PDX-1-Cre and LSL-KRASG12D mice were obtained from the National Cancer Institute Mouse Repository (Frederick, MD, USA). The two strains were bred to obtain 16 PDX-1-Cre; LSL-KRASG12D mice. PDX-1-Cre-positive mice were used as controls. Male 9–10 week old mice were used. Half of the mice in each group were exposed to cigarette smoke for a period of 2 weeks. In total, 7–8 mice were in each of the 4 groups, with a total of 30 mice. An inhalation exposure to smoke was performed in a whole-body Hinners type stainless steel/glass chamber, as previously described (9). Cigarette smoke was generated from 3R4F University of Kentucky (Lexington, KY, USA) research cigarettes. The concentration of smoke particulates in the exposure chamber atmosphere averaged 46±3 mg TPM/m3. The mice received smoke exposure for a total of 6 h each day, 5 days per week, Monday to Friday, for 2 weeks (10 days total exposure). Mice were euthanized 3 days after the last exposure (the next Monday morning). Mice were administered BrdU in the drinking water (0.5 mg/ml), starting at the same time as smoke exposure, and continuing until they were euthanized. Subsequently, the pancreas was split into two pieces, with one half fixed in buffered neutral formalin (and subsequently processed to paraffin blocks) and the other half flash frozen in liquid nitrogen, and then stored at −80°C.
Subsequent to fixation and processing, 5-µm sections were prepared from the paraffin blocks. The sections of paraffin-embedded tissue samples were deparaffinized, thoroughly washed in water, and then placed in 3% H2O2 in methanol for 10 min. The sections were then stained immunohistochemically by the avidin-biotin-peroxidase complex method using Vectastain ABC reagent (Vector Laboratories, Burlingame, CA, USA), with mouse anti-BrdU monoclonal antibodies (cat. no. 555627; BD Biosciences, Franklin Lakes, NJ, USA), at 100 µl/slide using a 1:40 dilution of BrdU. The reaction product was then visualized using diaminobenzidine (Vector Laboratories Peroxidase Substrate kit) and the slides were counterstained with hematoxylin. Having brown nuclei identified cells that had incorporated BrdU. Labeling indexes were determined for the following 3 regions in the pancreas: ductal, acinar and islet cells. In total, 500 cells per slide were counted and labeling indexes were determined.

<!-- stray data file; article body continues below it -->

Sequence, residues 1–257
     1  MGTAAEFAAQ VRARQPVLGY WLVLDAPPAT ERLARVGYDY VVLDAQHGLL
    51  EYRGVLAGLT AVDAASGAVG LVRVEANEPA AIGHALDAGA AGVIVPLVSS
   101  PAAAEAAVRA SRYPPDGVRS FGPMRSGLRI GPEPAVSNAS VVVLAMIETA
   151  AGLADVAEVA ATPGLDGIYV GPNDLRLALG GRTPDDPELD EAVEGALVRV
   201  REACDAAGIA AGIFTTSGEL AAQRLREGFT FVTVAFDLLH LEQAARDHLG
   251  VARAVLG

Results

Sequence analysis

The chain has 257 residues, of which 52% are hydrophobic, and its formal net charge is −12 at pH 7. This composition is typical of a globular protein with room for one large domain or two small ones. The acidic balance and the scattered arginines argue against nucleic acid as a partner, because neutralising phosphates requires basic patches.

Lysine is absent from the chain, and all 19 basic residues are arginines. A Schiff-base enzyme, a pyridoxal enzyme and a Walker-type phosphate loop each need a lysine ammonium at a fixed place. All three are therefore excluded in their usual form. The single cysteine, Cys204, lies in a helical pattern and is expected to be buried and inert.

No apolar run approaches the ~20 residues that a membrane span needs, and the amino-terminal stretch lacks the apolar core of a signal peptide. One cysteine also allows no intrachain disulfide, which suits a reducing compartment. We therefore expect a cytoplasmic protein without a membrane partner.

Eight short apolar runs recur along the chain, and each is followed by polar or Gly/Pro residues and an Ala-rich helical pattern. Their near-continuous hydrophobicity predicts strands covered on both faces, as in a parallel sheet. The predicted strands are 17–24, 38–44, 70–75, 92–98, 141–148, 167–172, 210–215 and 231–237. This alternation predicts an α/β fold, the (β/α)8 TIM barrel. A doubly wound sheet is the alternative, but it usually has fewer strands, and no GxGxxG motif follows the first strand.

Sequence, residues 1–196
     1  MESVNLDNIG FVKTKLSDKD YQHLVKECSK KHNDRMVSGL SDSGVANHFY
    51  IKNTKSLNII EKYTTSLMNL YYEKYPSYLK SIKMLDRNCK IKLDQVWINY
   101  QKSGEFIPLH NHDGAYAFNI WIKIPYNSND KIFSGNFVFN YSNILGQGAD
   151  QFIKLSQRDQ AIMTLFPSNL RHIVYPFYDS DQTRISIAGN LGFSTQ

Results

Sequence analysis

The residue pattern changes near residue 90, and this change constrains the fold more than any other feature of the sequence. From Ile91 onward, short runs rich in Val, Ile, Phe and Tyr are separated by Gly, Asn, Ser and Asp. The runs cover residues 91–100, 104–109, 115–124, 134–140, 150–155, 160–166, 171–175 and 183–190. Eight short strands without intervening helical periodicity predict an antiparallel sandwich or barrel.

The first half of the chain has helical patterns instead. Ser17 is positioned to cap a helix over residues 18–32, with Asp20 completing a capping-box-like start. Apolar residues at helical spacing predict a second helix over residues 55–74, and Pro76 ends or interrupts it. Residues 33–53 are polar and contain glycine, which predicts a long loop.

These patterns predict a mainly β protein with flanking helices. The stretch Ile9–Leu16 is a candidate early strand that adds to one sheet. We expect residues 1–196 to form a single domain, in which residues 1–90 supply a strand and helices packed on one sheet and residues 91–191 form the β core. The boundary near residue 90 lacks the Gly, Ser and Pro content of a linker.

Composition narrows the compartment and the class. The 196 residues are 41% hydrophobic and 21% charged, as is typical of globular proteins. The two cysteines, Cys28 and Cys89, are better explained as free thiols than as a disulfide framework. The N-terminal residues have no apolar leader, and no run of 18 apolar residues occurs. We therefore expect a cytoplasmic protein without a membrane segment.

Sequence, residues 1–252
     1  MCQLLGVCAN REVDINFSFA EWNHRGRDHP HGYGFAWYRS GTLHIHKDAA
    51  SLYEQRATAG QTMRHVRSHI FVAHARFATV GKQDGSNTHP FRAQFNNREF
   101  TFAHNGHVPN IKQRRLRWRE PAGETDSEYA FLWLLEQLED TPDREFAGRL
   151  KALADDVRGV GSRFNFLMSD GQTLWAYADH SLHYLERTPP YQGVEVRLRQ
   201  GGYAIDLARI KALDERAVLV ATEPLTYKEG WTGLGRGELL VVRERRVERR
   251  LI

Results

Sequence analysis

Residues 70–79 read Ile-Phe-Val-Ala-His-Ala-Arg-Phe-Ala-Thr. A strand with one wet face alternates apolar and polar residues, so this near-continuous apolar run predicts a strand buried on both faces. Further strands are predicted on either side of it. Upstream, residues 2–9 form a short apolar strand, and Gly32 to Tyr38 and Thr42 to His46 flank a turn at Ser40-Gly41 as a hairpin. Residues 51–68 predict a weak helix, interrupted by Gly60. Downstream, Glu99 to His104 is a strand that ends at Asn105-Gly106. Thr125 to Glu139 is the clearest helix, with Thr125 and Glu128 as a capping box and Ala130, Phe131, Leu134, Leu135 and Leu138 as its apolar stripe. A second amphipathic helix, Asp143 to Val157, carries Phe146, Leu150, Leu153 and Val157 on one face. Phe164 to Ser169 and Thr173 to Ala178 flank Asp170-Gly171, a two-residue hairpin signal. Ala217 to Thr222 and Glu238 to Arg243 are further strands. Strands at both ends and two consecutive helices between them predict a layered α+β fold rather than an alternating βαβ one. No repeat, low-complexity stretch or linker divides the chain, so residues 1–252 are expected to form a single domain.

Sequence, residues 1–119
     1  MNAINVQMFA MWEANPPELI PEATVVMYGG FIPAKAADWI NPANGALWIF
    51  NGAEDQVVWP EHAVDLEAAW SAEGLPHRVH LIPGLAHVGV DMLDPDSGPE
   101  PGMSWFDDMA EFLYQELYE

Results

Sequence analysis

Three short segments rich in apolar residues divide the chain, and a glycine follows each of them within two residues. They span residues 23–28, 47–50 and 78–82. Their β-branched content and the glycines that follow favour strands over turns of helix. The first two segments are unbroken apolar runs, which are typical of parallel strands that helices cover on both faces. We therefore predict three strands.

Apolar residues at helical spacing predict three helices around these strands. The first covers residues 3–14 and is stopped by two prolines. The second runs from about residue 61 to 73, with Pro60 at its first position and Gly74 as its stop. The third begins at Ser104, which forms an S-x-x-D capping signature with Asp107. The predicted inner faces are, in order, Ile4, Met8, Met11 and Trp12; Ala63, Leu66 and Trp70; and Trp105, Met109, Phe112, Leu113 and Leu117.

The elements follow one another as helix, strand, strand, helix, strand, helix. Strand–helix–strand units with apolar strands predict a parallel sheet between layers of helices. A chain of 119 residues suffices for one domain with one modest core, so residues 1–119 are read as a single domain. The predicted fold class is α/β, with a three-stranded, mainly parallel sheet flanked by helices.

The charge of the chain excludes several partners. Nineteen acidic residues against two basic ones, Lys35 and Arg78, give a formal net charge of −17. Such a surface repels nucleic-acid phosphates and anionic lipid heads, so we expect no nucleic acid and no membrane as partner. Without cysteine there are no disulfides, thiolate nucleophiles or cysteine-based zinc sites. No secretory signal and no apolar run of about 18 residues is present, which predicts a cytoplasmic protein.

Levels of tumor necrosis factor (TNF) a, p53 and cyclin D1 proteins in pancreas homogenates were determined by western analyses. Antibodies were obtained from Santa Cruz Biotechnology (Dallas, TX, USA). The frozen pancreases were homogenized in extraction buffer (Pierce Biotechnology, Inc., Rockford, IL, USA) containing protease inhibitors (Sigma-Aldrich; Merck Millipore, Darmstadt, Germany). Lysed tissue was centrifuged at 8,000 × g for 30 min at 4°C. Protein levels of the supernatants were determined by bicinchoninic acid assay (Pierce Biotechnology, Inc.) and stored at −80°C. Protein samples (30 µg per treatment) were separated using 10% SDS-PAGE and subsequently were transferred onto nitrocellulose membranes. Membranes were blocked with 5% non-fat milk buffer and incubated overnight at 4°C with primary antibodies. Subsequent to washing, membranes were incubated with secondary antibodies conjugated with horseradish peroxidase and visualized using enhanced chemiluminescence detection reagents (Thermo Fisher Scientific Inc., Waltham, MA, USA). Bands were quantified using ImageJ software (National Institutes of Health, Bethesda, MD, USA) and normalized to β-actin expression.
Results were first analyzed by two-way analysis of variance (ANOVA), using Sigmaplot for Windows (version 13.0; Systat Software, Inc., San Jose, CA). If significant interactions were identified, differences between means were determined using the Holm-Sidak post-hoc test. The results are reported as the mean ± standard error of the mean. P≤0.05 was considered to indicate a statistically significant difference. The results of the ANOVAs are shown in Table I.